RDF Analysis, Appendices
Ruling out ships on 3120 kHz as sources of signals heard at the DF sites.

This appendix describes the test used to rule out the 12 ships capable of A3 transmissions on 3120 kHz as potential sources of signals heard at the DF sites. The test is general and can be applied to any source in the high frequency band.

Ruling out a potential signal source requires showing that a signal from the source could not produce the required output SNR in a receiver tuned to 3105 kHz. As stated in the main text, a 40 dB SNR in a 1 Hertz band, at the input of a receiver with a 6 kHz bandwidth, is required for a 1 dB audio output SNR, the level needed to detect the presence of an A3 signal carrier.

The required input SNR is

(Equation 1):  SNR = P + Gt + Gr -Lfs -La -N -Rsel, dB


P = transmitter output power, dBw
Gt = transmitter antenna gain, dB
Gr = receiver antenna gain, dB
Lfs = free-space component of skywave path loss, dB
La = ionospheric absorption component of skywave path loss, dB
N = noise power at the receiver input, dBw
Rsel = signal attenuation due to receiver selectivity, 103 dB at 3120 kHz

Given the assumption of isotropic antennas stated in the main text, Gt and Ga are zero in this analysis, and equation (1) can be simplified to:

(Equation 2):  SNR = P - Lfs - La - N - Rsel, dB

Skywave path loss has two components, free-space loss and ionospheric absorption loss. The free-space component depends only on frequency and path length. The ionospheric absorption component is a variable function of multiple factors. The theoretical minimum possible path loss would exist if the absorption component was zero. This condition, although extremely unlikely, is assumed for this test.

Receiver input noise power is a complex combination of galactic, atmospheric, and manmade noise. Galactic noise originates outside the solar system and its intensity at a given location is subject to variable conditions in the ionosphere. Atmospheric noise is caused by lightning discharges, propagates long distances via the ionosphere, and varies randomly. Manmade noise is generated by electrical equipment and can be considered constant at a given location. Therefore, the quietest condition at a DF site would exist if the galactic and atmospheric noise components were zero, although this too would be extremely unlikely. The lowest value of manmade noise specified in ITU-R P.372-8 is -163.6 dBw at 3.1 Mhz, and is adopted for this test.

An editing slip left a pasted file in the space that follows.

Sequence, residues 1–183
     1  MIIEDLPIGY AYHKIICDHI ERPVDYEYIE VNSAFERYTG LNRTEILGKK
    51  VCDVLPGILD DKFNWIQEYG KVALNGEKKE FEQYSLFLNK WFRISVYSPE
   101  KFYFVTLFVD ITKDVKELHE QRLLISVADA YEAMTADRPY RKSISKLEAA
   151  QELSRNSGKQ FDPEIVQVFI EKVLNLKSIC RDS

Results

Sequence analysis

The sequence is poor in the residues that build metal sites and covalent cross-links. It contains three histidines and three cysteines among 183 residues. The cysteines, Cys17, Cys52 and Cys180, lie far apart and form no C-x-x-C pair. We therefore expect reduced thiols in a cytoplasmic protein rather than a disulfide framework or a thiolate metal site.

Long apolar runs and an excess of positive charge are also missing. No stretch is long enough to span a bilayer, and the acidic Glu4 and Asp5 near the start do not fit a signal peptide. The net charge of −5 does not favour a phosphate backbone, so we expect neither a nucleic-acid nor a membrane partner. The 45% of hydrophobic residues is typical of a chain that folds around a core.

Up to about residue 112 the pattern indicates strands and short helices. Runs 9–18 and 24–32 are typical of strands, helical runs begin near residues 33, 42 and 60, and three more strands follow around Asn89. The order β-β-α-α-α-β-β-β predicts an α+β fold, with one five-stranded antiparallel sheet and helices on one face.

Incorporating these path loss and noise assumptions, equation (2) can be simplified to:

(Equation 3):  SNR = P - Lfs - Nm - Rsel, dB

where: Nm = manmade noise, -163.6 dBw

This statement of SNR establishes the theoretical best case signal environment for the potential source being tested, and thus provides a conservative basis for deciding whether the source can be ruled out. If the source signal could not produce the required receiver output SNR given the ideal conditions of equation (3), then it could not do so given non-zero absorption loss, non-zero galactic noise, and non-zero atmospheric noise.

Free-space loss is

(Equation 4):  L(fs) = 20 log(F) + 20 log(D) + 37.79, dB

F = frequency in Megahertz,
D = distance in nautical miles,
37.79 = a constant associated with the frequency and distance terms.

Substituting the right hand side of equation (4) for Lfs in equation (3), inserting the values of Nm and Rsel, and expressing P in terms of Pt, transmitted power in watts,

(Equation 5):  SNR = 10log(Pt) -20 log(F) -20 log(D) -37.79 + 163.6 -103, dB

Combining terms,

(Equation 6):  SNR = 10log(Pt) -20 log(F) -20log (D) + 22.81 dB

The test procedure is to compute the SNR using equation (6) and compare the result to the required SNR.

If the computed value is less than the required value, the source is ruled out.

If the source under consideration is a fixed land-based transmitter, the value of D is the transmitter’s actual distance from the receiver.